Appenzell Mountain Dog

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Full name: Appenzell Mountain Dog

Type: Medium-sized dogs

Alias: Appenzell Cattle Dog, Appenzell Mountain Dog, Appenzeller

Height :18-23 inches (51-58.5 cm)

English name: Appenzell Mountain Dog

Country of Origin: Switzerland

Weight :49-70 pounds (22-32 kg)

Hair length: Shorthair

Function: Guardian Dog

Life: About 12-13 years

History

The four Sennenhunds were developed by the crossing of the Roman Mastiffs with the local Swiss working dogs during the time of the Roman invasion and conquest of Europe. These four breeds include the Greater Swiss Mountain Dogs, the Bernese Mountain Dog, the Entlebucher, and the Appenzeller. It is generally accepted that the Greater Swiss Mountain Dog was the first of the breeds to develop, and the other three descended from it.

Some Spitz influence is also suspected in the heritage of the Appenzeller, reflected by the carrying of the tail curled over the back, in its high energy level and watchfulness, and a more refined head and body than those of the other three Sennenhunds.

The breed was and still is used as a cattle herder, as a home guardian, and as an all-around farm dog. Currently, the Appenzeller has also campaigned in obedience and Schutzhund work.

The United Kennel Club recognized the Appenzeller on January 1, 1993.

Appearance

The Appenzeller Sennenhunde is not a massive dog, but it does have a compact and well-muscled body. The dog has an almost square appearance because the height is nearly equal to the length of the body, as measured from the withers. Appenzeller males have an average height of 20 to 23 inches, and female height ranges from 18 to 20 inches. Some would say that the dog is valued more for its working abilities rather than for its appearance. The Appenzeller, however, has captured the heart of dog lovers not only because of its outstanding traits but also because of its lively, humorous, and entertaining expression.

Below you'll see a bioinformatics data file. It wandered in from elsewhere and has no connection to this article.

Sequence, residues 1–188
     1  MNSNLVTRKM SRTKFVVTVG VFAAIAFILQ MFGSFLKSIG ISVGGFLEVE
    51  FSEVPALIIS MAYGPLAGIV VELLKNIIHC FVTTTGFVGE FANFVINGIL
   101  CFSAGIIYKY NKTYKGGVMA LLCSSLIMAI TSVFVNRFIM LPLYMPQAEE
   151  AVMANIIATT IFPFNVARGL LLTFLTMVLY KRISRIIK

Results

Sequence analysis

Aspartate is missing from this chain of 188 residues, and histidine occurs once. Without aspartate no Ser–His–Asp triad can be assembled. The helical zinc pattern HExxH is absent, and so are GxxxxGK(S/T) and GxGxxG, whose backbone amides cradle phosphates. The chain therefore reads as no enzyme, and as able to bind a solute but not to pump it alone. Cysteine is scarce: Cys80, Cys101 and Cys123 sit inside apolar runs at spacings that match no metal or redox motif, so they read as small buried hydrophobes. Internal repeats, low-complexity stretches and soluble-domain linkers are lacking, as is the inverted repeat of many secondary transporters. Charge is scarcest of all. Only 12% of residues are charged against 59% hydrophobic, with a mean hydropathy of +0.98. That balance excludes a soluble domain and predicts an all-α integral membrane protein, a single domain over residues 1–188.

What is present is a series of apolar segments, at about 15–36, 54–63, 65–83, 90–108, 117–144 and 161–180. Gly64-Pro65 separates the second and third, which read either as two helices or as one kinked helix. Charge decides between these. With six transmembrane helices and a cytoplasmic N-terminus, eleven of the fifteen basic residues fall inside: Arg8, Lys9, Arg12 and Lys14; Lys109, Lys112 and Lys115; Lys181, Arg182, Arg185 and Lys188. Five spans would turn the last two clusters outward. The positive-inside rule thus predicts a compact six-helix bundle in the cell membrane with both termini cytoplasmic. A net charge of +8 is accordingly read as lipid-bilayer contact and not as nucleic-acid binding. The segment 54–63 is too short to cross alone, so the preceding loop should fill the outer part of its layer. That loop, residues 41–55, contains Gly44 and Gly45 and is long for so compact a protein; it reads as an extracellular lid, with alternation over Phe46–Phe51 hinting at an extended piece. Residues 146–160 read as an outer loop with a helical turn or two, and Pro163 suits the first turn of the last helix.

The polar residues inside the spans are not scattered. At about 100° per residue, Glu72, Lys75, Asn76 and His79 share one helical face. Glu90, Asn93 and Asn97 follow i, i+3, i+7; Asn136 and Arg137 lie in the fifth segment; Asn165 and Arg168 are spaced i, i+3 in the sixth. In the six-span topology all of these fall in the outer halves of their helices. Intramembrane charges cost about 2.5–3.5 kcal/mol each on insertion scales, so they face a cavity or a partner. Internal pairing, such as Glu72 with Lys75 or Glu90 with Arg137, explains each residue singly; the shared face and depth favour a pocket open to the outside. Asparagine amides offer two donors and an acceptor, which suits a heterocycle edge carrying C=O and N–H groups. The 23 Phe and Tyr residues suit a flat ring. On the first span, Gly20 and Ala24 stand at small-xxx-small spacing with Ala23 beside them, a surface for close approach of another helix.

The dog has a broad and flat skull, a strong muzzle that tapers to a black nose. The slightly oblique position of the almond-shaped dark brown eyes gives the dog a humorous expression. The V-shaped ears with rounded tips hang close to the cheek when the dog is resting and raised at the base when the dog is alert, giving the head a triangular shape. The dog’s lips are tight-fitting, and a scissor bite is preferred.

The Appenzeller Sennenhunde is a herding dog, and as such, it has to have a healthy and athletic body to be able to work effectively with the livestock. The dog’s back is steady and straight. The broad chest is deep, reaching to the dog’s elbows.

The dog has a double coat that is tight, glossy, and dense. The primary coat color is black or brown. As mentioned, the dog is often called blaze because of the white fire that runs from the forehead to the eyes and down to the muzzle. A small white streak runs down from the chin and broadens on the dog’s forecast. The feet are tipped with white, and so is the tail. The tail is high set, thickly covered with hair. The hair on the lower part of the rear is longer. A moving Appenzeller carries the tail curled over the side of the croup.

Body type

Ideal size Height: Male :20-23 inches (51-58.5 cm) Female :18-20 inches (51-58.5 cm) Weight: 49-70 pounds (22-32 kg)

Temperament

The Appenzell Mountain Dog is a working dog, Appenzell Mountain Dogs are intelligent and lively. They are brave and enjoy working or having a task to do. Although Appenzell Mountain Dogs are cautious of strangers, they usually get along well with other dogs and animals. They are incredibly protective and social with their families and owners. The breed is very loyal to their family, but they tend to form a close bond with one person. Appenzell Mountain Dogs respond well to obedience training, and they need plenty of socialization at a young age. This breed loves to bark.

Care

The Appenzell Mountain Dog is not recommended for apartment life. Appenzell Mountain Dogs need a rural, open setting. This breed will not do well in a city or the suburbs. Appenzell Mountain Dogs do best on a farm where they can get sufficient amounts of exercise on their own and form a bond with their territory. Because of the Appenzell Mountain Dog’s herding instincts, he will never runoff.

The Appenzell’s straight-haired double coat is easy to care for and requires little attention. Just remove the dead hairs with a rubber brush from time to time.

Appenzell Mountain Dogs is a comparatively healthy breed.

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